The little knob on your radio that causes speakers to explode.

37 Range.jpg

RANGE  (rānj)


Sparky La Range, innovative trail cook for the Flying Dung Ranch, invented the first primitive gas stove in 1869.  Utilizing several natural gas jets he had discovered along the trail, Sparky erected permanent cooking platforms, which later came to be called “ranges,” after their inventor.  Today the name is widely in use, although it is often mistakenly used in referring to the plains on which they were built.


DEFENSE  (dĭ-fěns/)


That which keeps the cows in.

38 Catalyst.jpg

CATALYST  (kăt/l-ĭst)


In 1872, following the invention of the gas range, it was no longer necessary to carry firewood on cattle drives.  However, the Brotherhood of International Fire Haulers had signed a three year contract in 1870, guaranteeing employment for all union members.  Under a renegotiated contract, the cattle bosses agreed to honour the contract, but reassigned those union members to the job of Cattle Listers.  It is still unclear just what a cattle lister did, or why they did it.  The only clue can be found in a letter from somebody named Little Willy, in which he writes, “Hell, it's pretty damned boring, but it’s somethin’ to do.” 

39 Motif.jpg

MOTIF  (mō-tēf/)


The spare set Gramma always kept wrapped in tissue paper in the top drawer of her dresser, “…just in case.”

40 Archetype.jpg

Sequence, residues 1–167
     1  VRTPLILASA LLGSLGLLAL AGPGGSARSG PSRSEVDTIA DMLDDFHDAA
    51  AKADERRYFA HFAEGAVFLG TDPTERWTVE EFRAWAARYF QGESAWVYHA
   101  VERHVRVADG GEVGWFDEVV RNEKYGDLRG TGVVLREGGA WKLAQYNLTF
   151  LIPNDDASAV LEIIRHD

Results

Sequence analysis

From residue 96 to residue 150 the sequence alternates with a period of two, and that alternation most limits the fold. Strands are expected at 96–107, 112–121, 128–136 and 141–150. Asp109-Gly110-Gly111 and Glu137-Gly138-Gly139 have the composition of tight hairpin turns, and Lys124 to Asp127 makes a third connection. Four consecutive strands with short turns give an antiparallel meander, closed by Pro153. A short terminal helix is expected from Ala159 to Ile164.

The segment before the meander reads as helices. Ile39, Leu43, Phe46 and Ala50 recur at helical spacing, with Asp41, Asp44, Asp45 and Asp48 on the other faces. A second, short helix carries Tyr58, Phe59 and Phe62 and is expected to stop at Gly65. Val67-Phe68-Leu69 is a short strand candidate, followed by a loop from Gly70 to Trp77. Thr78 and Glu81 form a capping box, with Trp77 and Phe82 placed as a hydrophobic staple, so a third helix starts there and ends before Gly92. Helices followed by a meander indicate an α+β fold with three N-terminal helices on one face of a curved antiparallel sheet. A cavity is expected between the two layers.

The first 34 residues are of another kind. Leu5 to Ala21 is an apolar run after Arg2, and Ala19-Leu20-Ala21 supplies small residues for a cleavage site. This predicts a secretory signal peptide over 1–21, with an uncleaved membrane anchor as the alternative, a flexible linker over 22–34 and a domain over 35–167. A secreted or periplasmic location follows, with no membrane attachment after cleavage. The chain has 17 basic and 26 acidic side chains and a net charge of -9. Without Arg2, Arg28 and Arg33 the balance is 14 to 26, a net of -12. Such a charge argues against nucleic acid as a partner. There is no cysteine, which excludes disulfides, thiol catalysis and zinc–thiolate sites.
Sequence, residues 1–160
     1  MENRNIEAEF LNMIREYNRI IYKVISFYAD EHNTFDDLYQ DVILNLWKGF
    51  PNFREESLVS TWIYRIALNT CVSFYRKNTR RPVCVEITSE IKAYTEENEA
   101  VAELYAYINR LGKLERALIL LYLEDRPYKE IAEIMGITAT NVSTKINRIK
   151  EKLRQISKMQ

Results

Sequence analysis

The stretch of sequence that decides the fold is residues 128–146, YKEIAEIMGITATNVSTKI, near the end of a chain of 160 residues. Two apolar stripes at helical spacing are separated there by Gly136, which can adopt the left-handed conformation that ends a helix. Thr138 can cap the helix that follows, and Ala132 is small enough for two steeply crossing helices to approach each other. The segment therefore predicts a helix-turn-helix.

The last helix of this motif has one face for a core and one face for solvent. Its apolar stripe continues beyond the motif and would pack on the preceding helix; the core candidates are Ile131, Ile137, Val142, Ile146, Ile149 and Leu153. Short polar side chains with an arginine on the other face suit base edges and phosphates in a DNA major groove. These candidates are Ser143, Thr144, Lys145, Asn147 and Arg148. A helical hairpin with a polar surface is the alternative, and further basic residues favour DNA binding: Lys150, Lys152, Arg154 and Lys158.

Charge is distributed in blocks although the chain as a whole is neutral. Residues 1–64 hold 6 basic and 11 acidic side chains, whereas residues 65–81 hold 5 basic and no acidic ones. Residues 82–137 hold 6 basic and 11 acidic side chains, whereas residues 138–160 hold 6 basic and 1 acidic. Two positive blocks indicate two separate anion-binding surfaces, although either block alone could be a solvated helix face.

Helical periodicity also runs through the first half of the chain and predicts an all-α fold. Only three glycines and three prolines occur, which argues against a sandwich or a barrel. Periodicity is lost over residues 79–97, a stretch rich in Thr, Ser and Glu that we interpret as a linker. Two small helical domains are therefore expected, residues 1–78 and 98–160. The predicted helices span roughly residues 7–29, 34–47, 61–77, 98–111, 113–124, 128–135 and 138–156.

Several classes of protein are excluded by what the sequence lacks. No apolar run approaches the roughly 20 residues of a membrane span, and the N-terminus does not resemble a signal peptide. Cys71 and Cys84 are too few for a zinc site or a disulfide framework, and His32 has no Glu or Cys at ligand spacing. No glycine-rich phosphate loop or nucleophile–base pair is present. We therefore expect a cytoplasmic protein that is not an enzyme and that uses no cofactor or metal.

ARCHETYPE  (är/kǝ-tīp/)


Literally, “to type on top of an arch,” from the French, “tapper sur l’arc,” a phrase that originated during the Nazi occupation of Paris.  In an effort to curb anti-German propaganda, the ruling German government restricted all typing to the top of the Arc de Triomphe.  When this failed, the government required that all typing be done only on the insides of seashells.  When this failed, the government took away all the typewriters.  For more information, see Eldridge’s concise history, The War of the Ribbon (Holy Grail Press, 1982).

41 Stereotyping.jpg

STEREOTYPING  (stěr/ē-ō-tï-pĭng)


Immensely safer than archetyping, stereotyping did not become popular until the mid-1960s, when stereophonic recordings became widely accessible.  It greatly grew in popularity, quickly replacing monotyping.  Briefly popular in the early-1970s was quadraphonictyping; however, this fad was short lived due to the low availability of quadraphonic recordings.


SEX TYPING  (sěks tī-pĭng)


None of the above should be confused with sex typing, which, requiring very little equipment, has always been popular.  (Not shown)

42 Myth.jpg

MYTH  (mĭth)


A thoung thady who thisn’t tharried.

43 Paragraph.jpg

PARAGRAPH  (păr/ǝ-gräf)